What’s new: Large amounts of the peptide “beta amyloid” are known to trigger Alzheimer’s Disease but UHM medical researchers have discovered that a non-toxic fragment taken from the same peptide can actually protect the brain’s nerve cells.
Moving forward: Dr. Nichols and his team are collaborating with scientists at the University of Arizona to develop a future drug candidate, based on the non-toxic peptide fragment.
Recognized by its ability to steal memories and target the aging population, Alzheimer’s Disease has long been without a cure — but a University of Hawaiʻi – Mānoa (UHM) Scientist hopes to change that.
The research of Dr. Robert Nichols, Professor of Cell & Molecular Biology with the UHM John A. Burns School of Medicine (JABSOM), and his team of collaborators caught the attention of the Journal of Neurochemistry and was published in January. The study demonstrates that a small string of six amino acids derived from a larger peptide called “beta amyloid” can be used to protect nerve cells in the brain from Alzheimer’s Disease. Interestingly enough, buildup of the larger beta amyloid peptide is known to trigger Alzheimer’s Disease.
During the course of the disease, nerve cells in certain parts of the brain deteriorate, which leads to common symptoms like increased memory loss and confusion. However, Dr. Nichols showed that application of the small protective peptide was observed to restore both normal functioning of nerve cell communication and normal memory processing.
Dr. Nichols says that up until now, most of the work that’s been done to combat the destructive effects of Alzheimer’s Disease has been to try to lower the levels of beta amyloid in the brain, which has not proved to be an effective treatment to stop or slow the disease.
“We believe this is an exciting, new approach because we are trying to modulate how amyloid is actually acting and causing toxicity in the brain rather than simply lowering it,” Dr. Nichols said.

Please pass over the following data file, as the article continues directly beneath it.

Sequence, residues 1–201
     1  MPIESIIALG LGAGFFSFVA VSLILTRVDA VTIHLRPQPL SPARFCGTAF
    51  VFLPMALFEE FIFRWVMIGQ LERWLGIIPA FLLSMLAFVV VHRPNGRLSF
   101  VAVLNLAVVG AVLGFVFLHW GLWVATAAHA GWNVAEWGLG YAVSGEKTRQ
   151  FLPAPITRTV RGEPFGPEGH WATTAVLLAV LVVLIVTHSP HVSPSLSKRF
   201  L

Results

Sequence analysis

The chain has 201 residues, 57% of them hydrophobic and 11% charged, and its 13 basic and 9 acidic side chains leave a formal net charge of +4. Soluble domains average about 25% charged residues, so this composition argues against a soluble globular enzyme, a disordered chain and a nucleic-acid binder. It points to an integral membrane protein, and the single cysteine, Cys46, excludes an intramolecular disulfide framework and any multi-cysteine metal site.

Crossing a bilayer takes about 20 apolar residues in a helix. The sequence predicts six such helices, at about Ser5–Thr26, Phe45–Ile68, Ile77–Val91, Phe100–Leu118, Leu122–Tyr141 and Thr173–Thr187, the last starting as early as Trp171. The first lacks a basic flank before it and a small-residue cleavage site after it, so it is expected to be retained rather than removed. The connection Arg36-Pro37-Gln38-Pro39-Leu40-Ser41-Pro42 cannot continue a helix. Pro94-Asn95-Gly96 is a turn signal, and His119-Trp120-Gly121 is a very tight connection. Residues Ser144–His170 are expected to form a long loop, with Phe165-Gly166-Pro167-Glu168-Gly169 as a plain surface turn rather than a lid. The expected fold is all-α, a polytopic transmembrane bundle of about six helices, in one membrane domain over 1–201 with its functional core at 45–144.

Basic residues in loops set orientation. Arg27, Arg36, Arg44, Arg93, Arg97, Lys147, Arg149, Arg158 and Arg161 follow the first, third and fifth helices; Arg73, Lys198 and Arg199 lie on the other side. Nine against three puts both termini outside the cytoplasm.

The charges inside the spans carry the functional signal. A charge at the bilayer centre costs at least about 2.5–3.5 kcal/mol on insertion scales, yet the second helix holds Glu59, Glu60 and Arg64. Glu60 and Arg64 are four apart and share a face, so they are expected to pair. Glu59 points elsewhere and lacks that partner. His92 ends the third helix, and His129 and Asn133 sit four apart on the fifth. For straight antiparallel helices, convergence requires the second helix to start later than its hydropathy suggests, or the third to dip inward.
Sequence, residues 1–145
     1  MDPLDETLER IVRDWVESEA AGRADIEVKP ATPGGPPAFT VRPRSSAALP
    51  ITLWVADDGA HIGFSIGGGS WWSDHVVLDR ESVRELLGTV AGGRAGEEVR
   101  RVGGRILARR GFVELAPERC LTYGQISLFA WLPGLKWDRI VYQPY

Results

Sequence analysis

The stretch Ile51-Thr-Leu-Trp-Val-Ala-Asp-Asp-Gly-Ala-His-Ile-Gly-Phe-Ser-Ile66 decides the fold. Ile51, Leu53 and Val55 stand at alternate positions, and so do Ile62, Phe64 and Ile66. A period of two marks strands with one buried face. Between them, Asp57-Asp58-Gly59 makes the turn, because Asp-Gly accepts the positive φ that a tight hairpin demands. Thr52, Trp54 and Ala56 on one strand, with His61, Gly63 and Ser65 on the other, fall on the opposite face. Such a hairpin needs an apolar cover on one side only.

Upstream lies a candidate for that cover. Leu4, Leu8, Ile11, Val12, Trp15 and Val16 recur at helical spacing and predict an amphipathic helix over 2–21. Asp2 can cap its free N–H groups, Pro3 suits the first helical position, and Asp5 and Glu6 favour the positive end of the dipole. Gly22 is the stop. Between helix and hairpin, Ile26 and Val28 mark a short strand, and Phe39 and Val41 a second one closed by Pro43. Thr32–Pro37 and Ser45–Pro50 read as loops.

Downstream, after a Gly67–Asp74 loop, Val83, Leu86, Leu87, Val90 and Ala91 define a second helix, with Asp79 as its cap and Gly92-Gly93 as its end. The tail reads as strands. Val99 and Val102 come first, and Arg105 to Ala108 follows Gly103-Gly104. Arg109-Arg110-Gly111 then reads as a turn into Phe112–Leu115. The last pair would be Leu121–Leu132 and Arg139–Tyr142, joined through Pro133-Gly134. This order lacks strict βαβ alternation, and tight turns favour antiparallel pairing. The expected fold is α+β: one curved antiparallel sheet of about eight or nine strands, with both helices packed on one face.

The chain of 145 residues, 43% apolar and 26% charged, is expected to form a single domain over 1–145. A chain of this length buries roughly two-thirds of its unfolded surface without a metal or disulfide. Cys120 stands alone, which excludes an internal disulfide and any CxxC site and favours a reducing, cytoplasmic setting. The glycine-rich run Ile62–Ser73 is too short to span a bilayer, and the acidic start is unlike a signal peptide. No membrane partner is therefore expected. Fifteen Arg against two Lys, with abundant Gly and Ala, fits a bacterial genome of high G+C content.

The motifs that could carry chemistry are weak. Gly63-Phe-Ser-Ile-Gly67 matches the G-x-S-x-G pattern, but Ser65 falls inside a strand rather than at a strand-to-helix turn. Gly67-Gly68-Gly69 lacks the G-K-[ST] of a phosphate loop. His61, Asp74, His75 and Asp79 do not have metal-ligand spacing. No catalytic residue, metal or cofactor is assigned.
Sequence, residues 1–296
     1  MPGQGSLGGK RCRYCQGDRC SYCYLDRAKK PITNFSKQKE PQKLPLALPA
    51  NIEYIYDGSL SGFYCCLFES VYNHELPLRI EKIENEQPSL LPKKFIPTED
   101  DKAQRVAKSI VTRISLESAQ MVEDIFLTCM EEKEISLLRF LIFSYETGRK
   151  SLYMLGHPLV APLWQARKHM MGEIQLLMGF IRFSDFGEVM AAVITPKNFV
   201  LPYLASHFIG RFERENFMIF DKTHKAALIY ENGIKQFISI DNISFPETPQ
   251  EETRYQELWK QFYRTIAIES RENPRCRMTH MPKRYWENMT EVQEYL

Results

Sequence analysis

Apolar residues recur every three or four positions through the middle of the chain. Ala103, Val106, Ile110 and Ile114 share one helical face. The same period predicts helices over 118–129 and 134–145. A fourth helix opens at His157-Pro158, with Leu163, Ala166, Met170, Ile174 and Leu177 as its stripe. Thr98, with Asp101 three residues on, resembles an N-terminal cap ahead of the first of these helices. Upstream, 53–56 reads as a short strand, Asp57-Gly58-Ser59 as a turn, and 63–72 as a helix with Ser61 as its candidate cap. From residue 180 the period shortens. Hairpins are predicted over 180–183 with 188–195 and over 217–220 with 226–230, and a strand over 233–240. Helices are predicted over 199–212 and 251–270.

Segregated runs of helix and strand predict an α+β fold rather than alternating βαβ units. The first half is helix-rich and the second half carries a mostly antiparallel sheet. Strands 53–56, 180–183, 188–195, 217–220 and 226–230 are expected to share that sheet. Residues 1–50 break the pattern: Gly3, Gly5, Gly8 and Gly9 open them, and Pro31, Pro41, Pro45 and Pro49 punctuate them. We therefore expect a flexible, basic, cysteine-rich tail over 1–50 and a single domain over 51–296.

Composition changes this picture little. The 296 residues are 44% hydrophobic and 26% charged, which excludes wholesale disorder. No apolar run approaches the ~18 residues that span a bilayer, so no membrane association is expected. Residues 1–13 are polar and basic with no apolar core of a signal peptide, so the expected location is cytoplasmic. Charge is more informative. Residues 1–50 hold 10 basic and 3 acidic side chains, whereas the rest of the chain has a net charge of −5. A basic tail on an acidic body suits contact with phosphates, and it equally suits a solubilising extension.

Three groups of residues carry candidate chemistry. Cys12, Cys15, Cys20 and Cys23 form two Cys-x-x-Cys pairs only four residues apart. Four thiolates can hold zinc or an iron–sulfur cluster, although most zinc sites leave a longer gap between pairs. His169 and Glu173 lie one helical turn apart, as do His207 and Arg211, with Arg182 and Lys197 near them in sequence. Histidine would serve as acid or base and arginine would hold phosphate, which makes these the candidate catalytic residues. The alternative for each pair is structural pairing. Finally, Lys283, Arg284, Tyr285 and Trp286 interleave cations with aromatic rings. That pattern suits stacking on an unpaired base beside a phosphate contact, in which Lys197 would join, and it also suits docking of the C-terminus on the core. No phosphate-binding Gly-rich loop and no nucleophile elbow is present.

“So we’re delivering this small fragment but the bonus is that this fragment itself seems to be driving neuroprotection in the brain.”
Alzheimer’s is the sixth leading cause of death in the United States, Alzheimer’s Association reports. In Hawaiʻi, the number of people ages 65 and older affected by this disease is expected to rise 25% by the year 2025.
Currently, Dr. Nichols is collaborating with scientists at the University of Arizona to design and screen compounds based on the peptide fragment, for future drug development.
First and second co-authors of “Protection against β-amyloid neurotoxicity by a non-toxic endogenous N-terminal β-amyloid fragment and its active hexapeptide core sequence”
Kelly Forest, Senior Graduate Student in the PhD program in Cell & Molecular Biology – Neuroscience, JABSOM and Naghum Alfulaij, PhD in Cell & Molecular Biology – Neuroscience, JABSOM.
Komal Arora, PhD, Postdoctoral Fellow in Cell & Molecular Biology – Neuroscience, JABSOM; Ruth Taketa, Graduate Student in the MS program in Cell & Molecular Biology – Neuroscience, JABSOM; Tessi Sherrin, PhD, Postdoctoral Fellow in Cell & Molecular Biology – Neuroscience, JABSOM; Gene Yoshikawa, third-year medical student at JABSOM.
Collaborators and co-authors:
Victor Hruby, PhD, Regents Professor, Chemistry & Biochemistry, University of Arizona; Cedomir Todorovic, PhD, Assistant Researcher in Cell & Molecular Biology, JABSOM; Ho-Leung Ng, PhD, Assistant Professor of Chemistry, Kansas State University; James Lawrence, PhD, Assistant Professor, Hawaiʻi Pacific University.
Funding provided by UH Foundation and NIH grants.Original Story